The MCS group consists of five staff members, all of whom have a strong link to the Museums and Collections programme of the Faculty of Humanities and the Heritage and Museum programme of the Faculty of Archaeology.
Pieter ter Keurs, leader of the research programme
Pieter ter Keurs is professor of Museums, Collections and Society. He is also academic director of the LDE Centre for Global Heritage and Development. Ter Keurs is specialised in critical museum studies en material culture studies.
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Martin Berger is an assistant professor at the Faculty of Archaeology. His research interests include (etnographic) museums and collections histories, indigenous forms of representation, and the impact of globalization on indigenous cultures. He has explored these interests with specific attention to Mesoamerica and Surinam.
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Evelien Campfens is a cultural heritage law specialist and post-doc fellow at the Research Group ‘Museums Collections and Society’. After having worked as a lawyer at the Dutch Restitutions Committee for Nazi looted art (2001-2016) she joined Leiden University (Grotius Centre for International Legal Studies) in relation to her PhD research on the topic of looted art. She is research coordinator of the Heritage Under Threat group of the LDE Centre for Global Heritage and Development.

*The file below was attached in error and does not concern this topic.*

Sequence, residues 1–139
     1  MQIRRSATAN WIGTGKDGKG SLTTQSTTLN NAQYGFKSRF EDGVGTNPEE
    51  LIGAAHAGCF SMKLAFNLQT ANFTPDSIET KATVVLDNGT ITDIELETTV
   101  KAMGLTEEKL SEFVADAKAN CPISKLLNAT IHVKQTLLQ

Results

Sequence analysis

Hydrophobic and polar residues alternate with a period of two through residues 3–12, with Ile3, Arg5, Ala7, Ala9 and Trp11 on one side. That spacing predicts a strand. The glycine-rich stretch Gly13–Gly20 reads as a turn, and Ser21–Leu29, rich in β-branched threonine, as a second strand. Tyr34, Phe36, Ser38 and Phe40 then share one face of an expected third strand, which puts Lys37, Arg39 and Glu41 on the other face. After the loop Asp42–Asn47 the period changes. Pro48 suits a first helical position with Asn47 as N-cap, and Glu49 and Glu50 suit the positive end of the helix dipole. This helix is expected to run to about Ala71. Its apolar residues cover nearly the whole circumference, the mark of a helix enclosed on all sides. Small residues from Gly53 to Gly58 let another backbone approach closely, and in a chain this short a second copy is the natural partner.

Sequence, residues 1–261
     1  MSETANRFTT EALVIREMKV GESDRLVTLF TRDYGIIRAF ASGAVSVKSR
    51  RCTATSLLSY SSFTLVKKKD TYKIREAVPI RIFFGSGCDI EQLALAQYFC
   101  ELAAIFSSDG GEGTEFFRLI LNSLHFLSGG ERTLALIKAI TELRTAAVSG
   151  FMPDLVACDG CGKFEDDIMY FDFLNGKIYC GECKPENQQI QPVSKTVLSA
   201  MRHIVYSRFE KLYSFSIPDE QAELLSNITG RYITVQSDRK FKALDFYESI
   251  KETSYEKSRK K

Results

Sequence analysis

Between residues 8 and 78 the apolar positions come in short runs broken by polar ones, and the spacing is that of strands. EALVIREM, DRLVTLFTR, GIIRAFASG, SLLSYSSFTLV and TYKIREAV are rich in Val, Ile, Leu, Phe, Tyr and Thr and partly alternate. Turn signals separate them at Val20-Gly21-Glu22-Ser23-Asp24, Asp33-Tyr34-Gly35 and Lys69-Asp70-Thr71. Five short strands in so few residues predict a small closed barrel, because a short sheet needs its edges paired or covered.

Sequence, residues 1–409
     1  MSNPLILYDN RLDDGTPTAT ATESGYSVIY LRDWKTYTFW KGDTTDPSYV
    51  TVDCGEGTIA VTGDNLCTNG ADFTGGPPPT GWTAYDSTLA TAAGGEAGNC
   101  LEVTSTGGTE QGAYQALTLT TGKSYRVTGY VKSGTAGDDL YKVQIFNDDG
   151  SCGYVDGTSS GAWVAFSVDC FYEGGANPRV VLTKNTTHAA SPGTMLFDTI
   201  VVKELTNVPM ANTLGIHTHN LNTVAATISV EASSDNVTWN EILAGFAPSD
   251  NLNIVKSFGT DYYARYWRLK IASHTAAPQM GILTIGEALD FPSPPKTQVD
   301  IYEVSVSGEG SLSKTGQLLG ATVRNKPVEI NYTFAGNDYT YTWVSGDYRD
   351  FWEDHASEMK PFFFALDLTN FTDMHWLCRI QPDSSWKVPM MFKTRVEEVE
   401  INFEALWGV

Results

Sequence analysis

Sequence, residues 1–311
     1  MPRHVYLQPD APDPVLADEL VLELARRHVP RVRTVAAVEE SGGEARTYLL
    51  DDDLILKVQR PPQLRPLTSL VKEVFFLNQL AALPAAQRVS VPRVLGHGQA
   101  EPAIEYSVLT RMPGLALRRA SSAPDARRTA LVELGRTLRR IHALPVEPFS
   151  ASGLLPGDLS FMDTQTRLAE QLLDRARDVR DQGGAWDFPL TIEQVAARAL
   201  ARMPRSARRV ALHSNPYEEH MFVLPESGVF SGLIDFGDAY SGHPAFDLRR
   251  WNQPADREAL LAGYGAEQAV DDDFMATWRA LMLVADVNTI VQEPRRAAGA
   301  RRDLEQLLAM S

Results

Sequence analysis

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Laurie Kalb Cosmo has been a member of the art history faculty of Temple University Rome for twelve years before joining the University of Leiden Research Group in Museums, Collections and Society, and previously taught at Tufts University and University of California, Los Angeles. She has been a curator and administrator at museums in the United States, including Museum of Fine Arts, Boston, Craft and Folk Art Museum Los Angeles and Peabody Essex Museum, and a Research Associate at Peabody Museum at Harvard University. The recipient of a Fulbright grant in Malaysia and Smithsonian Institution dissertation fellowship, Laurie has been a board member of the ICOM international committee on Museums of Ethnography (ICME) and earned her PhD and MA from the University of Pennsylvania and BA from Vassar College.
Holly O’Farrell comes from a PhD at the University of Limerick, Ireland. The focus of her research as a PhD candidate has been to look at nineteenth and early twentieth century exhibitions of Middle Eastern culture and question how social constructs intersect and influence the production of and reaction to such displays. The work questions how constructs such as gender, race and class can be mechanisms for implying, creating or maintaining hierarchies and stereotypes about the Middle East in Western minds and the use of exhibitions in supporting the imperialist project.